Growing through motorcycle classes. Part 1: Sportbikes vs Cruisers

Other parts of the series can be found here.

I think these series will contain some interesting aspects for people who are not yet into motorcycling as well as those who already ride, as you will probably find similarities.

So when I did not have a motorcycle yet (and did not make any sense in the types of motorbikes), my vision of a motorcycle was that of a sportbike. Of course I knew the cruisers (I ignorantly called them ‘Harleys’) and I knew the classic bikes and I had a very small knowledge of the offroad motorcycles which I hated, but if I would be shown different types of bikes and had to point my finger at the one I thought was coolest, it would definitely be the alienish designed sexy sportbike. And no wonder, because I knew they were fast and when you don’t actually ride, motorcycling feels all about speed.

Honda CBF1000RR Fireblade
Honda CBF1000RR Fireblade

However, back then I could not just simply buy the bike I wanted (not even the class of the bike I wanted!), and the circumstances brought me a small Honda cruiser — the excellent Honda Rebel CA125. I learned to ride on it and travelled a lot, falling in love with my small cute chopper that felt so big on the first day it was brought to my garage from Vedi.

Honda Rebel CA125
My Honda Rebel CA125

At first I was pretty unhappy with riding a cruiser, but it has slowly revealed a whole new dimension of motorcycling to me that I could never discover otherwise. I started to feel that motorcycling was not really as much about speeding as it was about the philosophy of riding, the philosophy of control, some danger, adventuring, freedom, freedom and freedom. I think this was very good for my motorcycling experience as a whole, because I figured that the pleasure of motorcycling was much richer and bigger than that of speeding in the open air, becoming forever ‘whacked by the motorcycling bug’. However low in its CCs, the Rebel was great at injecting these concepts into my body and soul (changing it permanently) and after a couple of seasons I realized I’m a cruiser type of a guy. You know when you’re a teenager you wanna choose and stick with one thing, easily labeling yourself and the others! Having ‘found’ myself, I did not expect this would change, but it was a juvenile thing to think!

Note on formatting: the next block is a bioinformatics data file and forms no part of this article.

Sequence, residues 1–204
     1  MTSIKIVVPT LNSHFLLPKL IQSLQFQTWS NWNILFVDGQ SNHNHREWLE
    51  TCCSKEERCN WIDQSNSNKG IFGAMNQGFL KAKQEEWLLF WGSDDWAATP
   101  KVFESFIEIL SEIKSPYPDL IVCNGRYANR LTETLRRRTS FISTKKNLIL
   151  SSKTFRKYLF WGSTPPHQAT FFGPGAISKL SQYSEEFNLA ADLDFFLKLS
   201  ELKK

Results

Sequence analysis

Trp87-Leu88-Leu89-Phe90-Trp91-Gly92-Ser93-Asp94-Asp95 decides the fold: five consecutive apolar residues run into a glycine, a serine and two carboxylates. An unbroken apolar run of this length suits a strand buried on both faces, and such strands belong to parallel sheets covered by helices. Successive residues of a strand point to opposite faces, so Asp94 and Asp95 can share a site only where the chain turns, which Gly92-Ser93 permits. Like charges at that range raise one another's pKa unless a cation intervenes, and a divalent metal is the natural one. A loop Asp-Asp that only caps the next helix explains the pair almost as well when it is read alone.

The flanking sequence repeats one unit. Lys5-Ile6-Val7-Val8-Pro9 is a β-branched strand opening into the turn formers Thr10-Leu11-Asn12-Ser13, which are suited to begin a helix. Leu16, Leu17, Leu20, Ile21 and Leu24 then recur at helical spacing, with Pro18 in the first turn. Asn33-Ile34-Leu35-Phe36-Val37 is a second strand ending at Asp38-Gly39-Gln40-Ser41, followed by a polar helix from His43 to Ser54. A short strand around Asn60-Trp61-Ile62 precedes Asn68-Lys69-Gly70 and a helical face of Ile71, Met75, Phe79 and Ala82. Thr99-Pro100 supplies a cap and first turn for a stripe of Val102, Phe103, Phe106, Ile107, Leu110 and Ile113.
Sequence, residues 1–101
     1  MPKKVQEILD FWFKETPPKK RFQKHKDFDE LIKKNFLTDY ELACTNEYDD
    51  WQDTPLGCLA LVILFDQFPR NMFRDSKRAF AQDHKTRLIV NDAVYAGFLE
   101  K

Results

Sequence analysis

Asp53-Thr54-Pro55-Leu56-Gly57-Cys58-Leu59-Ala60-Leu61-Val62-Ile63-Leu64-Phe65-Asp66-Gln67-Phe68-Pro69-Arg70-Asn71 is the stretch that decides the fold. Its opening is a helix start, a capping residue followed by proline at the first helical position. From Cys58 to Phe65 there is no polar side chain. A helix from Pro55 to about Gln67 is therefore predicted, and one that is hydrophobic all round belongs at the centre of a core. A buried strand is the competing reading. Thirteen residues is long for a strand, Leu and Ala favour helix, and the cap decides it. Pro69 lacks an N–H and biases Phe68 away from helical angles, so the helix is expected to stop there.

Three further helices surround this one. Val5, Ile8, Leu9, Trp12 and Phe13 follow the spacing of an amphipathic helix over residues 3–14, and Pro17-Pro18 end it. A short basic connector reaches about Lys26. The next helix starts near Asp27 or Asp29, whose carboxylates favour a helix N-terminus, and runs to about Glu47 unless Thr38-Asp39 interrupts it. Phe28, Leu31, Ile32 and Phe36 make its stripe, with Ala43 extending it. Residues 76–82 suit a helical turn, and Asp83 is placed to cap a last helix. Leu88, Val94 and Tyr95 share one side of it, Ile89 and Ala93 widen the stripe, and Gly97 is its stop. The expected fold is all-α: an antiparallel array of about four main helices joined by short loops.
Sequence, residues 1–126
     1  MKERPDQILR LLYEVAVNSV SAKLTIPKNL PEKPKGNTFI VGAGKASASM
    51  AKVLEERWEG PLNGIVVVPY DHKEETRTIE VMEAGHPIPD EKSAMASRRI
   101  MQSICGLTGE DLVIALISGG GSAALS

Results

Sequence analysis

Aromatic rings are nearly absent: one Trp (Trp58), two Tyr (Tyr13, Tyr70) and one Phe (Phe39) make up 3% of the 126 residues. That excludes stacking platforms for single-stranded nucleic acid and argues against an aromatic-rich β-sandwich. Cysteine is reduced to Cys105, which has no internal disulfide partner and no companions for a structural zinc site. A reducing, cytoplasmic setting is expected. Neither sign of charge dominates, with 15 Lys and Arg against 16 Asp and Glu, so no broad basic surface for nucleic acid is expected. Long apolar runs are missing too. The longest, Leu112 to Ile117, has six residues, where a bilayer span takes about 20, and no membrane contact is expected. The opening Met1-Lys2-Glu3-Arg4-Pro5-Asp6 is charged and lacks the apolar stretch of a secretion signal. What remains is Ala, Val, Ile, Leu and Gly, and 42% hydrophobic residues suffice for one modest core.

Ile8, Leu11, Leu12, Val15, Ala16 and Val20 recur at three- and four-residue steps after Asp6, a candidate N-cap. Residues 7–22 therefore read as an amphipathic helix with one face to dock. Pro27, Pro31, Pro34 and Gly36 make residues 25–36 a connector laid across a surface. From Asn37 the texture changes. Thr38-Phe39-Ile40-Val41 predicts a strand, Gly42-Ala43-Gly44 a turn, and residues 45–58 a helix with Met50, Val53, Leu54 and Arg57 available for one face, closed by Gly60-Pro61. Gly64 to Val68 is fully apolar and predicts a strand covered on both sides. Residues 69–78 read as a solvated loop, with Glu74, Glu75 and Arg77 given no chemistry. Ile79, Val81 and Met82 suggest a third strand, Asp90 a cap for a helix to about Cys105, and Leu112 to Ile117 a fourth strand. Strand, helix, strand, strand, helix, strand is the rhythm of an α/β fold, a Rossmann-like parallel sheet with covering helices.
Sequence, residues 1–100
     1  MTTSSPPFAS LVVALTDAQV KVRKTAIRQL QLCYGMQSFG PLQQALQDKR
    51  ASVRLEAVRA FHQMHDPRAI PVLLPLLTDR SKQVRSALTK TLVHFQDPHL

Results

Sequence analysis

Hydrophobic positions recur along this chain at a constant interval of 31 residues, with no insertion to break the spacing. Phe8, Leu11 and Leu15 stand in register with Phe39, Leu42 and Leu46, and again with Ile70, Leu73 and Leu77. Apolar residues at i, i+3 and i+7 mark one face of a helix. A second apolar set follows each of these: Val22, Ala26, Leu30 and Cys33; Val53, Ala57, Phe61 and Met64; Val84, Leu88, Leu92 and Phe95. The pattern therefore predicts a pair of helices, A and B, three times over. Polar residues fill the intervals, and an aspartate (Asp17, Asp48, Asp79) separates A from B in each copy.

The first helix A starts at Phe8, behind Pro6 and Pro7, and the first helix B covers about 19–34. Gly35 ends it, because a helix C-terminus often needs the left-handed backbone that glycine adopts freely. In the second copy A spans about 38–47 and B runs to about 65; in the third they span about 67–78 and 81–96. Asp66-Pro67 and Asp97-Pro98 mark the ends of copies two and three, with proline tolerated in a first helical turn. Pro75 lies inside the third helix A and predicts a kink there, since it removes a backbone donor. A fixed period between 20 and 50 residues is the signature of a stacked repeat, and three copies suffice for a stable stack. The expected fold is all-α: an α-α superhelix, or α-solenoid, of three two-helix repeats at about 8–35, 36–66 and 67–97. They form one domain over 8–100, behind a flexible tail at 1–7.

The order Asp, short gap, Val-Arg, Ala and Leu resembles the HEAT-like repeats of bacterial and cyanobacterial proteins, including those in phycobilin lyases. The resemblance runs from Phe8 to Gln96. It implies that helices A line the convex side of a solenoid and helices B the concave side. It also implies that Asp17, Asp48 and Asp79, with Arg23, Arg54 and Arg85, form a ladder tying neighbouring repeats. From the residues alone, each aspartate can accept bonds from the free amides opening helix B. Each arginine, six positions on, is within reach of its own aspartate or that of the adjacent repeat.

One significant future-changing permanent impact that the Rebel had left on me though was my huge and long-lasting love affair with Honda. I was amazed by the engineering talent put behind my small machine and the quality of production was just astounding! I knew since that all my future motorcycles were going to be a Honda, and this determination is alive to this day.

It still touches my heart when someone talks positively about Honda, and I am ready to engage in an endless debate with the ‘R1 is better than Fireblade‘ type of fellows having Honda’s bulletproof ‘gearbox’ argument in my arsenal.

So the first major battle inside my head after starting riding was won by the cruisers, and I already knew I was not going to own a sportbike in a very long period of time. The cruisers felt way cooler, very attractive and stylish with an enormous spirit about themselves, and the rumbling of the engine was so addictive that I didn’t understand anyone who wanted to ride anything else. So my dream motorcycle at the time became Honda Shadow — Honda’s flagship cruiser.

Other parts of the series can be found here.

Safety Tip: Of Vigen

  • Do not buy a Honda CBR 1000RR Fireblade (or any other 1000cc sportbike) as your first motorcycle!
  • If you do, do not ride 200km/h during the day!
  • If you do, do not ride it on Komitas avenue!
  • If you do, do not ride without fastening the helmet!
  • If you do, watch out on the intersections!
  • If you don’t…

Get well soon, Vigen.